Steve cooked up the idea mostly for the hell of it: so his brother could report back to some co-workers on questions they had about the museum (and I wish I had thought to write some of those questions down when he was telling them to us on the way to the museum, because they were pretty funny - maybe Steve will comment below and note some, if he remembers them); and so his wife could enjoy the anthropological wonder of it all (as that’s what she’s studying in school); and because he considers himself a doubter and was curious about what he would see. I reckon he asked me along because he wanted to see if I would burst into flames immediately upon setting foot in the place. There was no Atheist Alarm at the door, though, so I was safe.

I was conflicted it about it, honestly. The idea of a road trip sounded cool, but the admission was way high ($21.95, plus tax) and the thought of spending my money at a place like that - which would be a de facto show of support - was a little nauseating. This place is basically a temple to the abortion of reason and critical thinking, a citadel of ignorance and selective interpretation - and now my admission dollars have helped to further that cause, to perpetuate the brain atrophy that these partially-evolved sub-humans claim is a valid belief system.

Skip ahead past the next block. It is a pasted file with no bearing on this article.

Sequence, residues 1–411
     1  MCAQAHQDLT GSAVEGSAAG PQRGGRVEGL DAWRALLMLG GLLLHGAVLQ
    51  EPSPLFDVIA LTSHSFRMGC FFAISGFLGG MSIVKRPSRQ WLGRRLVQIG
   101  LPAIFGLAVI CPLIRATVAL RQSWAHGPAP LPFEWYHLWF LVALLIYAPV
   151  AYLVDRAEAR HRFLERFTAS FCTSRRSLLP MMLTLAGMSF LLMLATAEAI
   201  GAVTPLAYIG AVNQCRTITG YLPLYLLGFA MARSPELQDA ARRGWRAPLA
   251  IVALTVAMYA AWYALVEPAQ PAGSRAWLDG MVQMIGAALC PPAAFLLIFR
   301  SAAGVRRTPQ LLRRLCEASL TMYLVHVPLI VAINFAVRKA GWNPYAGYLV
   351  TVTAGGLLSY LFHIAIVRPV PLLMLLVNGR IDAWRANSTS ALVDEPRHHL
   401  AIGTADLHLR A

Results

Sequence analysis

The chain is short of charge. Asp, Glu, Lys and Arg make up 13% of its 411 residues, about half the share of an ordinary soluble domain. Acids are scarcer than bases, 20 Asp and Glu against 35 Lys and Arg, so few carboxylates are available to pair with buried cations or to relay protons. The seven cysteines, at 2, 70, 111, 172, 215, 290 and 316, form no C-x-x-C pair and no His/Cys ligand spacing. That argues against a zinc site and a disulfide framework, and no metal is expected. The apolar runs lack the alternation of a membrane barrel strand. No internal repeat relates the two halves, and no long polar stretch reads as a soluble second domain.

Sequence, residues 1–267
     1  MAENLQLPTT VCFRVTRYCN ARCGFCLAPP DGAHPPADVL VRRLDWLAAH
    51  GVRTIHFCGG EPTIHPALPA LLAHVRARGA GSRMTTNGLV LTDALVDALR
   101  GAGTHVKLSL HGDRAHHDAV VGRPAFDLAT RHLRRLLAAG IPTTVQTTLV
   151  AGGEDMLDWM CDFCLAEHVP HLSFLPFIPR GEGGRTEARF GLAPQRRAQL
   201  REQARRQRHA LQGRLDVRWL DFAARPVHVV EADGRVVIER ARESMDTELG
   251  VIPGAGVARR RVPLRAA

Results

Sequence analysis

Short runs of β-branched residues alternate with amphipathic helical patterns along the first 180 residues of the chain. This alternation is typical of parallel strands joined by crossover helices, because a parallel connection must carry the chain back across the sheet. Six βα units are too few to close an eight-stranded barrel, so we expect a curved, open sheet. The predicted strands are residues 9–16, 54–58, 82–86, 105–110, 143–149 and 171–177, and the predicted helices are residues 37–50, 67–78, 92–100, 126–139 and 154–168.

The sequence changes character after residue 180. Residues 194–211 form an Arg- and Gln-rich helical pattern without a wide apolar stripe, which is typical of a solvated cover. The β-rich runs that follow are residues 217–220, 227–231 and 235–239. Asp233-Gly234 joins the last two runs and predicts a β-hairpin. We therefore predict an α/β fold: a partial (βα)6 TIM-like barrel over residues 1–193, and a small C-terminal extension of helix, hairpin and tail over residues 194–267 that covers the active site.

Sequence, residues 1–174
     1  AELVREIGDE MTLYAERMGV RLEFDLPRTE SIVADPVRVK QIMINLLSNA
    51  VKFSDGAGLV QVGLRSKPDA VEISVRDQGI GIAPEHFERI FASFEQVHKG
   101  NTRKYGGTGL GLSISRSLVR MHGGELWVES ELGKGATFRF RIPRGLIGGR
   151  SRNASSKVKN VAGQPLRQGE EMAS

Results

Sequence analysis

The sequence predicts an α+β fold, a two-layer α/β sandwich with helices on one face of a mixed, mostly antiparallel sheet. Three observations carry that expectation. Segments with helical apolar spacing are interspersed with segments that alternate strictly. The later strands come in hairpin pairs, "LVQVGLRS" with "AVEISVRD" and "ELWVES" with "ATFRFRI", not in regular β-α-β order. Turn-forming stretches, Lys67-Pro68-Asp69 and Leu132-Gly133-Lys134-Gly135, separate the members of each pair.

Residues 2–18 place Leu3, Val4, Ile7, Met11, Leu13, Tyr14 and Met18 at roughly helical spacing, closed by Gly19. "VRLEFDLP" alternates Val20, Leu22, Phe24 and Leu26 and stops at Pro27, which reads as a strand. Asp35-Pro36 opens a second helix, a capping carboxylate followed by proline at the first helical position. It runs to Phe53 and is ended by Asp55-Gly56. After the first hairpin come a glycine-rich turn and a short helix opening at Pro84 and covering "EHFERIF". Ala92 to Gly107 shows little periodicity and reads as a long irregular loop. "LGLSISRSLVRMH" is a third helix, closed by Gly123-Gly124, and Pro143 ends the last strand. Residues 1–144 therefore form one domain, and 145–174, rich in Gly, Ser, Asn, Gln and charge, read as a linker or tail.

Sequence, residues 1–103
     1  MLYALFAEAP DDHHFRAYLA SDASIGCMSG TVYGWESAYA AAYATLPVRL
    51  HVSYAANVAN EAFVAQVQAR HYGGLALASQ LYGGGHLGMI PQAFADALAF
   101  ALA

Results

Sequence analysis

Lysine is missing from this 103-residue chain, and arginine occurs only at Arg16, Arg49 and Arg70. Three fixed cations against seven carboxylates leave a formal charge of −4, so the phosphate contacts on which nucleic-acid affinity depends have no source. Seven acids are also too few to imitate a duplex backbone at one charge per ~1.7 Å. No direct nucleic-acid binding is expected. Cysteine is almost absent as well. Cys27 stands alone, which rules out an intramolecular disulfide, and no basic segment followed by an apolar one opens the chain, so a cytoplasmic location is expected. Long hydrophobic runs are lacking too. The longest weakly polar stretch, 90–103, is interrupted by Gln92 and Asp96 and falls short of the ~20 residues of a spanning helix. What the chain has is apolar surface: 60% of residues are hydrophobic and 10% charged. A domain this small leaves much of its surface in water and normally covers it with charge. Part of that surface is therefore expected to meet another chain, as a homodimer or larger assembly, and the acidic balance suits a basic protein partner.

But yes...in the end, I handed over my money and took the tour. Part of it was sheer morbid curiosity, but mostly it was just to have a good time with some friends; and, I suppose that, if anyone ever tries to call me out for trashing the ultra-religious mouth-breathers who subscribe to this utter nonsense, I can say, “Oh, no, Mort, sorry...I have been to your Dumb of the Rock, and I have seen firsthand the overwhelming evidence that you ‘people’ believe what you want to believe and conveniently ignore what you have been told to ignore. That story about the lamb of your god so moved you that apparently you turned into an obedient little sheep who chooses to abdicate common sense in order to be ‘saved.’ You should consider donating to science whatever remains of your functioning brain and turning that empty space into a flip-top storage space so you’ll never forget your car keys again.”